This week on TORn Tuesday Justin and Cliff spoke with writer Joanna Robinson (@JoWroteThis) who had the opportunity to view the first three episodes of Amazon Prime’s The Lord of the Rings: The Rings of Power. She then authored two articles for Vanity Fair with revelations about the show – ‘Amazon’s Lord of the Rings Series Rises’ (co-authored with Anthony Breznican), and ‘10 Burning Questions About Amazon’s The Rings of Power.’

Joanna Robinson with Justin Sewell and Clifford Broadway of TORN Tuesday

Below are some highlights from last night’s conversation. Watch the entire interview on TORn Tuesday’s YouTube channel.

[Note: The conversation has been edited down from the original due to space.]

Justin: Are the articles speculation on your part, or are you hinting at stuff you’ve actually seen?
Joanna: In the cover story … and the article that I put up, the “questions answered” one … hardly any is speculation, um, if I’m saying something I’m saying something … when I put down here’s what I asked … then I printed word-for-word the answer I got.

Justin: Was there any discussion with the showrunners of, you know, a certain level of faithfulness?
Joanna: … they’re not deviating from that core lore …

Justin: Is the sword that we see Narsil?
Joanna: I’m gonna go and be safe and say pretty sure.

Justin: Can you provide any reaction to Lenny Henry as a Harfoot?
Joanna: That is something that I would love to see.

Justin: Was the first teaser photo from last summer of the two trees in Tirion, was that intentional misdirection?
Joanna: No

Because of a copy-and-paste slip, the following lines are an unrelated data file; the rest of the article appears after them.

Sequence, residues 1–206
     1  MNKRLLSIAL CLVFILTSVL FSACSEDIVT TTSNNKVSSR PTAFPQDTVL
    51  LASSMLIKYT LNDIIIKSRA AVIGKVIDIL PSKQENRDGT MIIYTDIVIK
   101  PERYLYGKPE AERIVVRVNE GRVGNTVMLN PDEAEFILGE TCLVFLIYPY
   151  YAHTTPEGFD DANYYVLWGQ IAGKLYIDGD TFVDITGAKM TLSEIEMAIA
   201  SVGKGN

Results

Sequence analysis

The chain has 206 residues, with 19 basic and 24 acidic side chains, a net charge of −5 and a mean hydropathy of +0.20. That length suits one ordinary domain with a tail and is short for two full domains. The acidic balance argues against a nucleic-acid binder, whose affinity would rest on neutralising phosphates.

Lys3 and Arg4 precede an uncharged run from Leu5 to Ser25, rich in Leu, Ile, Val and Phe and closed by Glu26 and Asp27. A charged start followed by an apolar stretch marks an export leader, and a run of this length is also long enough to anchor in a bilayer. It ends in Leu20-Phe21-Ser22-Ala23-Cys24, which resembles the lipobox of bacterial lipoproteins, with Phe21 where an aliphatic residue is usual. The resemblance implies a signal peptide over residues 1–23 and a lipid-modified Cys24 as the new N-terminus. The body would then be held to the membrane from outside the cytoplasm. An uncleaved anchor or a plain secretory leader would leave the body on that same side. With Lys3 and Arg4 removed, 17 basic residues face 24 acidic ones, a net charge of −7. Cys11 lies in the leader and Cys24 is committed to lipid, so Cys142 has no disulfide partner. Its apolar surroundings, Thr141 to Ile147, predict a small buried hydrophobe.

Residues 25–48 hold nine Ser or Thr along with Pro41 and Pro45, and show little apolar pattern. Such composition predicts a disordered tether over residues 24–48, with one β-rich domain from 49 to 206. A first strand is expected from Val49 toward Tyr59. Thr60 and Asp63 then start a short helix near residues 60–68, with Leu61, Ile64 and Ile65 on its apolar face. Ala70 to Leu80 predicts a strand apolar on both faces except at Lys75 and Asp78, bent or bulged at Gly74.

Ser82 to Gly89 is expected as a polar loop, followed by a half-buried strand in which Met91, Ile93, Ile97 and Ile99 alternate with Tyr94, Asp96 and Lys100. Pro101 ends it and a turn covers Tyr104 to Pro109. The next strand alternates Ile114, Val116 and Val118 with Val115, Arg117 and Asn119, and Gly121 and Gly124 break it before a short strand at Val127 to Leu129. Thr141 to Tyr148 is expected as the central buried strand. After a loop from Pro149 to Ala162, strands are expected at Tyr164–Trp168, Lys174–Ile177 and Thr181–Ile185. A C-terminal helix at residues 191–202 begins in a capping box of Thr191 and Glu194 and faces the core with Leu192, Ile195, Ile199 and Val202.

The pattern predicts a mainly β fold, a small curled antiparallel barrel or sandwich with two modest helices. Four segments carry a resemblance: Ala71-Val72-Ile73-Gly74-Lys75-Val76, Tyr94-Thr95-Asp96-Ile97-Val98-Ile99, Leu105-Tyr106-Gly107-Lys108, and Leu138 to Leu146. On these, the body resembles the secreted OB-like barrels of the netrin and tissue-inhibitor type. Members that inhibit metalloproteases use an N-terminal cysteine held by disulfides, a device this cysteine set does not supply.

Justin: There’s so much comment about hair … let me start with Galadriel’s hair …
Joanna: … fandoms are not a monolith, and what one person wants in the fandom is not what another person wants with the fandom … I tend to be very CG resistant in general … when we got to the Harfoots in the episodes I saw … that felt so Willow to me, and that is the highest compliment I can give anything … Do people really want a glow filter on Galadriel all the time? … The hair that you see in the photos and footage that you’ve seen is accurate to what I’ve seen … [but] I have not seen all the finished digital effects …

Joanna: I think the casting of Morfydd Clark is incredible because she’s not super well-known, though if you haven’t seen Saint Maude I really recommend you go see it because she is astonishing in that, and if you want to like get a preview of how, uh, you know a Galadriel that might go toe-to-toe with Cate Blanchett going like photo negative in The Fellowship of the Ring, like, that’s the performance that she gives in that film … she’s such a perfect casting for this because people … aren’t coming in with preconceived notions of her … so she can just become Galadriel.